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Bilked by Adviser, Doggett Gets FEC Fine

Rep. Lloyd Doggett (D-Texas), whose campaign was bilked out of more than $160,000 over a half-decade, says a new Federal Election Commission proposal that cracks down on volunteers and staffers looking to make a quick buck by skimming the campaign till doesn’t go far enough.

Doggett also is angry that his campaign committee was fined by the FEC for filing faulty campaign finance reports, even though he was victimized by his former treasurer who siphoned the funds.

Within weeks, the FEC is expected to revisit a proposal introduced in October, which would provide accounting guidelines for campaigns and committees “to guard against embezzlement and unintentional reporting errors.”

In the agency’s draft recommendations released in mid-October, committees should open bank accounts only in the name of the committee, require two co-signers on all payments of more than $1,000, immediately stamp incoming checks “For Deposit Only” with the appropriate account number, segregate bank account reconciling and check-writing duties and require receipts before petty cash supplies are replenished.

If campaign cash winds up missing, the agency’s proposed guidance explains, the committee must notify the FEC and law enforcement authorities and file amended campaign-finance disclosure reports. By following these guidelines, committees could avoid being on the hook for filing faulty FEC statements, which in Doggett’s case resulted in a hefty fine.

“[If] internal controls are in place at the time of misappropriation … the FEC will not seek to impose liability on the political committee for filing incorrect reports due to the misappropriation of committee funds,” the agency’s policy proposal concludes. “The commission will also consider the presence at some, but not all, of these practices or comparable safeguards as a mitigating factor in considering any liability from a misappropriation.”

But Doggett is concerned that the proposal’s loosely worded guidelines inadvertently will allow situations such as his to slip through the cracks, leaving candidates feeling not only betrayed and broke but also penalized by the government for their troubles.

“Their rule may prevent other kinds of problems but would not have prevented this embezzlement,” Doggett said, speaking of his own experiences with former campaign treasurer Kristi Willis. “What she was doing, the reforms won’t make a difference, given her scheme.”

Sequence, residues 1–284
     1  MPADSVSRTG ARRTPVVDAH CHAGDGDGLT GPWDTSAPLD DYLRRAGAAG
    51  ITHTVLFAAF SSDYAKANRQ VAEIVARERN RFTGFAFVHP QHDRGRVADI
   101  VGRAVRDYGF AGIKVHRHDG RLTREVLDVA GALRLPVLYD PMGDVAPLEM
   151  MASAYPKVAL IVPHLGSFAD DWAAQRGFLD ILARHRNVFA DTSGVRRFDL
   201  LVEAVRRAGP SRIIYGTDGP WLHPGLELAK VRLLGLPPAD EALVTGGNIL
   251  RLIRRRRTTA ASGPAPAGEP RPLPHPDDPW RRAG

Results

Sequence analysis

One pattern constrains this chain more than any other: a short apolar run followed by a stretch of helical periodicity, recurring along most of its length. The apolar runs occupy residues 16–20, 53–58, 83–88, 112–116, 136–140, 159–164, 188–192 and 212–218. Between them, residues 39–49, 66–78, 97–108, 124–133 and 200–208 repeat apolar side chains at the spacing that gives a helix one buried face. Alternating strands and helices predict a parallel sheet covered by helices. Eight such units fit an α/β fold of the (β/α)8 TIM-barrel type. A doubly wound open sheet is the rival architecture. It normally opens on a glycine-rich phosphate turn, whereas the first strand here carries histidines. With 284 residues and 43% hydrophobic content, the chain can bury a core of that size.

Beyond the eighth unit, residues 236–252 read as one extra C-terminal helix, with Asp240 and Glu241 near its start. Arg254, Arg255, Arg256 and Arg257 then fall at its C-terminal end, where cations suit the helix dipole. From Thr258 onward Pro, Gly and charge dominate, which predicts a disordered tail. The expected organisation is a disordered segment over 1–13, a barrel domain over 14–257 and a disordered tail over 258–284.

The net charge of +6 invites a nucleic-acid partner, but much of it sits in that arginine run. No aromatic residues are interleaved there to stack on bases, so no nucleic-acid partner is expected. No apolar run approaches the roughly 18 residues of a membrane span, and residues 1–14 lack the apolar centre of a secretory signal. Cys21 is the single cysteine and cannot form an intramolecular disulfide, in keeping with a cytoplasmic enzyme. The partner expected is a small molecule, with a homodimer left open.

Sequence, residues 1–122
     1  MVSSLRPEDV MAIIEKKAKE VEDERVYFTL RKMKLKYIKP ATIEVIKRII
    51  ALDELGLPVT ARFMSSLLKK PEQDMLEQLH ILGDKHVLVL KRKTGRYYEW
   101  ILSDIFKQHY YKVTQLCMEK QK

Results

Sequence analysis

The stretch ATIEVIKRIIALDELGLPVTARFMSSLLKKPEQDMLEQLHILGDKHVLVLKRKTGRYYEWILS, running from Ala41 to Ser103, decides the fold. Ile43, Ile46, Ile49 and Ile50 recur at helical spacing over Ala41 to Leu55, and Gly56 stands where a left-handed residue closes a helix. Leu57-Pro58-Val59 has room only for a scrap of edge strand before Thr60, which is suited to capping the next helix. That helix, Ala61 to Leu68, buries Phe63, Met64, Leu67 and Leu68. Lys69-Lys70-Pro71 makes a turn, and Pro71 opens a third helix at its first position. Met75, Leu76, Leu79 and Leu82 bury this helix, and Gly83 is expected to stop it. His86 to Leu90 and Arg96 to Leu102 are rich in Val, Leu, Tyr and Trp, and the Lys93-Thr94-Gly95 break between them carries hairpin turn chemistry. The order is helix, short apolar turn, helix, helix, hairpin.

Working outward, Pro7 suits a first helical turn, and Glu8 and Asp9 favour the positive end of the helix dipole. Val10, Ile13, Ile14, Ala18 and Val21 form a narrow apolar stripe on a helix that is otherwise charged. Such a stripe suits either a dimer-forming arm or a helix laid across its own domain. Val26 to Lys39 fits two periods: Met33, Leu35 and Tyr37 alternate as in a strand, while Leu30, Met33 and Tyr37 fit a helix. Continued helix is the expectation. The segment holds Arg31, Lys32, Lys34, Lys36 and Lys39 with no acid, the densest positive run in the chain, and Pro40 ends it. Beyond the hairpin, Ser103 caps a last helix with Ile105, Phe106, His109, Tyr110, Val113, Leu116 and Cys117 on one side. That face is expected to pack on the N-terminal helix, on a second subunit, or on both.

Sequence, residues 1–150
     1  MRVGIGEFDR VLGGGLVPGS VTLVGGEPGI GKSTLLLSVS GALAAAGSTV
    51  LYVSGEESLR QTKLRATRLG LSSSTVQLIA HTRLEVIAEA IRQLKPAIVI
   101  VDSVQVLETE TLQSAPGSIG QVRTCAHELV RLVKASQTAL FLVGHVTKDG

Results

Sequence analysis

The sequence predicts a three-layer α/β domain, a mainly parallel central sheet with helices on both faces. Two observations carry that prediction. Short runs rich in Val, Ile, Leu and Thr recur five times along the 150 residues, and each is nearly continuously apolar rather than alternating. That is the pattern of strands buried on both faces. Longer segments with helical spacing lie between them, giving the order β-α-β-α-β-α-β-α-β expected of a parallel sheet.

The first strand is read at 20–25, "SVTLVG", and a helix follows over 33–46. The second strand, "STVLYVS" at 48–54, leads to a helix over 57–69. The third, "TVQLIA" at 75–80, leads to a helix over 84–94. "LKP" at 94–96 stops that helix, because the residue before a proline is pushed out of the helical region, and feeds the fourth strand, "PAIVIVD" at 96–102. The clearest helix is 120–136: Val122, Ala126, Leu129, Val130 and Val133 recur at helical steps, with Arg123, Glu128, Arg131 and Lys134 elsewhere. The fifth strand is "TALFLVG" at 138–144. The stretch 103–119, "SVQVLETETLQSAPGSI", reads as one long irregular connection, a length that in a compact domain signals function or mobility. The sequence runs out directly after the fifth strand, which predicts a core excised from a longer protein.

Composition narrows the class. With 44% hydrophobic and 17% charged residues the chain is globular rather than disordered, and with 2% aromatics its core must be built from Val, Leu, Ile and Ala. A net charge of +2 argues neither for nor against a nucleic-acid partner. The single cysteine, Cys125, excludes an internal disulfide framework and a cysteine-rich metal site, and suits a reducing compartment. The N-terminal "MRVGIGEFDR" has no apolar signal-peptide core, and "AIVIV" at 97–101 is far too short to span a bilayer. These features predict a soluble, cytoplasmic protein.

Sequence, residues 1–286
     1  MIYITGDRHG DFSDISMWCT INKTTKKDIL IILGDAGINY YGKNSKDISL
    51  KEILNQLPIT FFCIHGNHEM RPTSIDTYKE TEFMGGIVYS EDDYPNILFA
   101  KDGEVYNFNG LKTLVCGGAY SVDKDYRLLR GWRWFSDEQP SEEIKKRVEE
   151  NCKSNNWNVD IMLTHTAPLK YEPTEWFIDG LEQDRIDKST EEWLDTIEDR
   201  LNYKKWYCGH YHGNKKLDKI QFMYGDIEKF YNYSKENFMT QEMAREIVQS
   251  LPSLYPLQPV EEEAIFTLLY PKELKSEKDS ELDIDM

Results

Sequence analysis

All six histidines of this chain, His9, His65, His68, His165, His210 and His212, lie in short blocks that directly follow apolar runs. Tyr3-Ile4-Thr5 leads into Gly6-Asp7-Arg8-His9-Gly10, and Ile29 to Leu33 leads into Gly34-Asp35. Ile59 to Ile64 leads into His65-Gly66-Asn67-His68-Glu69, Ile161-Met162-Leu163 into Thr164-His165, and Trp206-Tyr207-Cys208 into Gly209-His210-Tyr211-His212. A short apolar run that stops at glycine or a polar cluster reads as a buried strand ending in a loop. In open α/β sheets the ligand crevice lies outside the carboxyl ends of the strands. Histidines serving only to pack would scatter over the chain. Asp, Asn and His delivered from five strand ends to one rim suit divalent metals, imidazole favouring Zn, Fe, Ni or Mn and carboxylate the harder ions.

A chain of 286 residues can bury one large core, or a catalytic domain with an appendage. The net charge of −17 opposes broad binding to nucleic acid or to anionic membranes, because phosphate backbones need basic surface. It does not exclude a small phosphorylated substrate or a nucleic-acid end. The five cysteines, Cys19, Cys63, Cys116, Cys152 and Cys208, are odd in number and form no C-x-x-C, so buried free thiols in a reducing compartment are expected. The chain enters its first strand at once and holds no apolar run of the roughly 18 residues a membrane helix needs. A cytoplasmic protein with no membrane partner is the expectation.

According to a deal cut between the FEC and Doggett’s campaign last month, Willis worked as a bookkeeper for the seven-term Democrat between 1998 and 2004. She was not allowed to write checks, and all bank accounts were opened in the name of the committee. Still, the agreement states that Willis began writing herself checks out of the committee’s account in January 1999, which she continued to do on and off until March 2004.

All told, Willis walked away with about $168,000.

About a year ago, Doggett’s campaign discovered the missing funds and began revising its disclosure statements with the FEC in February 2006. Last month, the FEC fined Doggett’s campaign $6,500 for filing inaccurate statements over the five-year period.

The Texas lawmaker was furious.

“Everything that is in this agreement is something that I voluntarily brought to the FEC,” Doggett said. “My campaign filed revised reports when we discovered the embezzlement a year or so back.”

He added: “I do believe it to be a rather strange approach to fine the person from whom money was stolen. I suppose the [proposed] rule serves to remind campaigns to exercise extraordinary care to make sure someone is not stealing for you. I didn’t need a fine as an additional incentive because these dollars are hard to raise.”

FEC spokesman Bob Biersack said Friday that commissioners could revise the proposal’s language before voting on the matter at an upcoming meeting.

In another development, the FEC ordered Rep. Dennis Kucinich (D-Ohio) last week to repay $137,000 for improper use of public money during his ill-fated 2004 presidential run. Kucinich received $3.3 million in matching campaign funds for his 2004 presidential election. He is now making a second White House bid.

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